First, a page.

Photos: From E. coli to electronics

Photos: From E. coli to electronics

Summary: Single-celled animals might be some of the most important figures in high technology.

TOPICS: Security

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  • Genetically engineered virus proteins

    The proteins, the white glowing bits in the photograph, came from a virus genetically engineered by Cambrios. One end of the protein is attracted to, and sticks to, copper. The other end sticks to cobalt. By dipping a silicon wafer etched with microscopic copper wires in a soup of these proteins, a semiconductor maker can effectively lay down the glue for putting on a layer of cobalt on top of the copper. To put on cobalt, the manufacturer just has to dip the wafer in a second soup. Now, putting an insulating layer on copper?which will connect transistors in chips--requires several expensive steps.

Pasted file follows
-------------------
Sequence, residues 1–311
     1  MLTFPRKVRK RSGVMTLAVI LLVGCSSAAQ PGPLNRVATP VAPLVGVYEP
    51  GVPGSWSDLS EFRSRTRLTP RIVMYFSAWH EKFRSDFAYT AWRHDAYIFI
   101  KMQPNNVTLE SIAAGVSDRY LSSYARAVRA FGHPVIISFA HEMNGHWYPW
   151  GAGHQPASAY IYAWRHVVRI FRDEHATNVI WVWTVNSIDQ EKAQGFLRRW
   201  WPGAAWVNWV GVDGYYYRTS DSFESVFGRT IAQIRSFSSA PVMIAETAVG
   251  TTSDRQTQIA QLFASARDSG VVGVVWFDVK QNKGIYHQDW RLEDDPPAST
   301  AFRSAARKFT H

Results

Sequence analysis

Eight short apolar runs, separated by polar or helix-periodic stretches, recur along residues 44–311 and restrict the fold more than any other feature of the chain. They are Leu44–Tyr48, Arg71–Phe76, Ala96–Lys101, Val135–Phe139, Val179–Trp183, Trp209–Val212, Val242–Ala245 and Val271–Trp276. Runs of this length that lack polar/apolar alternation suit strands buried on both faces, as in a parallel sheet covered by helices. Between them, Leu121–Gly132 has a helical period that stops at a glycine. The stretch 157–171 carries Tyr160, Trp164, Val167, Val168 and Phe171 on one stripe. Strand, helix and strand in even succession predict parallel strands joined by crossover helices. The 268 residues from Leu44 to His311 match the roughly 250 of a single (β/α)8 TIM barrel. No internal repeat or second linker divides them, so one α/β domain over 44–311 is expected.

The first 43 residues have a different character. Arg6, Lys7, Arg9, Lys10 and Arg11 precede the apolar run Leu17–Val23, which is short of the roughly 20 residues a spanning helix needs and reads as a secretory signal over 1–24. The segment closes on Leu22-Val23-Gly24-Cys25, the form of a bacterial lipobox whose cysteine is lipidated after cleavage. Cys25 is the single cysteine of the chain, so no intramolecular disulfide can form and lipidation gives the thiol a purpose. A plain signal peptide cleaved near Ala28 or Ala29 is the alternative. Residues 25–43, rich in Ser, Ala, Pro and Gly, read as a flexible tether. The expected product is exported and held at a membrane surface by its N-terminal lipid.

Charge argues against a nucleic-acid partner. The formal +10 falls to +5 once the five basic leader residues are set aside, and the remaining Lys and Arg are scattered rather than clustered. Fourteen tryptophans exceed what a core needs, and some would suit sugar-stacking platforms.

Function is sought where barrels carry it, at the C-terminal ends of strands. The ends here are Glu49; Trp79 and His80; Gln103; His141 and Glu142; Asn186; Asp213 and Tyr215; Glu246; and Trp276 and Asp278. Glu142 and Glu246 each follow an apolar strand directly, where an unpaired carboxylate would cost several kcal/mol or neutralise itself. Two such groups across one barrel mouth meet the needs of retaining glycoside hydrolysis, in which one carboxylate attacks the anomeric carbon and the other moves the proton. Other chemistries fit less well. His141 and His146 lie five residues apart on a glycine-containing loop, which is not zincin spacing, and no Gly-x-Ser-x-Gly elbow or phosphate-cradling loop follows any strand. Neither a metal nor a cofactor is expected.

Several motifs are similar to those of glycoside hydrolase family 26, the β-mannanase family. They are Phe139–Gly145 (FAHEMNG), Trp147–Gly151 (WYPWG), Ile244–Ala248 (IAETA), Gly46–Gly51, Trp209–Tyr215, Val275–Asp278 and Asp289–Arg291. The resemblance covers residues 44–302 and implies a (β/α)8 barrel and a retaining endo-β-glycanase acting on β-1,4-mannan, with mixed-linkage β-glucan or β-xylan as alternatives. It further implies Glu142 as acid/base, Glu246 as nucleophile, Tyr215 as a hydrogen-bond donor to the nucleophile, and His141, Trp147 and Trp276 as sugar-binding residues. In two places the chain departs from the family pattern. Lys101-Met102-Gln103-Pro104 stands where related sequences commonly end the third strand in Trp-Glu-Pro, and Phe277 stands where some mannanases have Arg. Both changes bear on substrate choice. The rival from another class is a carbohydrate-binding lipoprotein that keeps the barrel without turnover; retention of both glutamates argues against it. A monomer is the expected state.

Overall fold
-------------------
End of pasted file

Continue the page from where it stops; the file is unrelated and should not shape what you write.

• Glowing green bacteria

    No, that?s not an attempt at a smiley face. The bacteria in the Petri dish have been engineered to glow green. The organism is question grows a precursor of artemisinin, an antimalarial drug. Artemisinin grows naturally in mangrove swamps in Asia, but is expensive to harvest. Amyris Biotechnologies hopes to develop a synthetic version of the drug out of genetically engineered bacteria over the next three years.

Topic: Security

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